Breaking: English National Opera wins a reprieve – for one yearNews
ENO is saying that Arts Council England has granted it another year of life in London.
Since ENO statements are heavily spun, this may not be the whole story, but read it for what it’s worth.
It is a temporary climbdown by ACE.
Here’s the ENO statement:
The English National Opera are pleased to confirm that, following negotiations with Arts Council England, the organisation is to receive £11.46m of National Lottery funding for the next financial year, starting 1st April 2023. This represents a 9% cut from the ENO’s previous funding.
The delay in confirming our financial status has meant that our plans for the season ahead will inevitably have to change, including the postponement of a number of new productions as well as our current Ring Cycle, in partnership with the Met, which was due to continue with a new production of Siegfried next season.
However, this level of funding will allow us to honour many of the contracts of the hundreds of freelancers we hire every year, and enable us to continue to make incredible opera available for everyone, in English, with hugely subsidised tickets. It will also allow us to continue the award-winning ENO Breathe, available via 85 NHS Trusts, and ‘Finish This’, available in over 200 schools across the country.
We do remain concerned that this only gives audiences and our workforce one year’s reprieve, and still leaves a huge amount of uncertainty regarding the ENO’s future. For the ENO to meaningfully deliver on the Government’s levelling-up agenda, ACE needs to invest in the organisation at an appropriate level going forward. This has to be done in the context of ACE developing an opera strategy, in conversations with audiences and our colleagues across the industry – something that is still yet to be undertaken by ACE.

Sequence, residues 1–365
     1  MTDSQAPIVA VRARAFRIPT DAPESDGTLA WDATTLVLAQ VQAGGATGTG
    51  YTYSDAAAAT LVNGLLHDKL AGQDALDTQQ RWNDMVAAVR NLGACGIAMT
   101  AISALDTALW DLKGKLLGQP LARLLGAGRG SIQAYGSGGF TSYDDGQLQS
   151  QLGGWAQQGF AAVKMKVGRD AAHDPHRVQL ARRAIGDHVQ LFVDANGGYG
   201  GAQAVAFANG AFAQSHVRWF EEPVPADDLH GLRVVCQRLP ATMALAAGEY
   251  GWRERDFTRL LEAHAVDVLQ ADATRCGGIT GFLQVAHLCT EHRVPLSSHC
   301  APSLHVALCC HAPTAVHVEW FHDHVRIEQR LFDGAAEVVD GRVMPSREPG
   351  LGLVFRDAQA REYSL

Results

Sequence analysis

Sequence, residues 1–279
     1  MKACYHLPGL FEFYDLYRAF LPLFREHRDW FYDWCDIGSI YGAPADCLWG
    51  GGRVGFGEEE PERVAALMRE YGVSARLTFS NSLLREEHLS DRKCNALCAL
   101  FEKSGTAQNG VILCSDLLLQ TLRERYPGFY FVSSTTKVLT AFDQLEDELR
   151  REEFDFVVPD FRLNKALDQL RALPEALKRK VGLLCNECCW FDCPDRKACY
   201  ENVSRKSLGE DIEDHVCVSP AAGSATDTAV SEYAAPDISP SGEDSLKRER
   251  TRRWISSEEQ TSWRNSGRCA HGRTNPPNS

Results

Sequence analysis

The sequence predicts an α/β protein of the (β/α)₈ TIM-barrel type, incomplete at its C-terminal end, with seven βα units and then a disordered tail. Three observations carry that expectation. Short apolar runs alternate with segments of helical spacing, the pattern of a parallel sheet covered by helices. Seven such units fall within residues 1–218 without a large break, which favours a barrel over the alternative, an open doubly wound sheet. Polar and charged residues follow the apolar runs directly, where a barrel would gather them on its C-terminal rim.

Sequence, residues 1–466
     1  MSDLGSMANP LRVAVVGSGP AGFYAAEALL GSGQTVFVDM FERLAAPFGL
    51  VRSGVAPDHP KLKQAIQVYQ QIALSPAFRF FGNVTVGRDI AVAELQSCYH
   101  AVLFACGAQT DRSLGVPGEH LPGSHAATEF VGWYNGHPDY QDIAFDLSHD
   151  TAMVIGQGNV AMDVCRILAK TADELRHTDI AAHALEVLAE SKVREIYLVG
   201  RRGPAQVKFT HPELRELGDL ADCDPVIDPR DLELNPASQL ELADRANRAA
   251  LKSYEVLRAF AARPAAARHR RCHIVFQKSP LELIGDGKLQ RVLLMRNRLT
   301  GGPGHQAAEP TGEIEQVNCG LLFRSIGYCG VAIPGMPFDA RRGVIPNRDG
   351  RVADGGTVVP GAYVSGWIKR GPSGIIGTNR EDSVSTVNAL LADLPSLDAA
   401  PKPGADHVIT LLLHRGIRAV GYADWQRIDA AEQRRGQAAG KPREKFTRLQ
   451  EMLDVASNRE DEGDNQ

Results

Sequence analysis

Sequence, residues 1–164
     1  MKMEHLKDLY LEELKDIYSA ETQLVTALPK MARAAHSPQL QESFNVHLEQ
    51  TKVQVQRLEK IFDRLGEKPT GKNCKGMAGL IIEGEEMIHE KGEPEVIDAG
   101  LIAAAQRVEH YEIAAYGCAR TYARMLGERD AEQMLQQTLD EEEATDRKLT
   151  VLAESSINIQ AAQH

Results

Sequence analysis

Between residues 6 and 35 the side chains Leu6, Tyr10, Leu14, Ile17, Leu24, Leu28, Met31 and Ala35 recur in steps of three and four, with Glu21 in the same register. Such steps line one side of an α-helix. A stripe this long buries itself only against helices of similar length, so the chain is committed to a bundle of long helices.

The ENO and our audiences remain in the dark as to why ACE decided to remove our status as a National Portfolio Organisation, despite us meeting or exceeding all the criteria they set: one in seven of our audience are under 35, one in five of our principal performers are ethnically diverse and over 50% of our audience are brand new to opera. We have been bringing opera to people nationally via multiple completely free broadcasts, in innovative ways such as car parks via drive-in opera and over TikTok, as well as in more traditional settings, and over 50% of visitors to opera at the Coliseum are from out of London.
Our hope is that, as negotiations for investment for future years continue, some clarity will be provided.
In the meantime, we want to thank everyone for their continued support during this difficult and worrying time for everyone at the ENO.
UPDATE: Arts Council England statement:
An update on English National Opera funding: Investment for 2023/24 business year agreed
Today, Arts Council England agreed it will invest £11.46million in the English National Opera (ENO) for April 2023-March 2024. This is to sustain a programme of work at the ENO’s home the London Coliseum, and at the same time help the ENO start planning for a new base outside London by 2026.
Further investment for 2024-2026 is also available in principle, subject to discussion and application. The Arts Council and the ENO are working together quickly with an aim to reach agreement by the end of March this year on a further two years of funding. An overall three years of investment would help the ENO transition over time to a model where it can deliver an innovative opera programme from a base outside London while continuing to perform at its London Coliseum home. The shared ambition is for the ENO to be in a strong position to apply to the Arts Council’s National Portfolio of funded organisations from 2026, from a new base outside London.
The funding will see the ENO undertake initial development work on a new business model from 2026/27 which will outline the level of public-facing work it plans to deliver both outside and within London; an analysis of options for the future use of the Coliseum, and an outline of the revenue and capital funding needed to transition from the current to the new business model.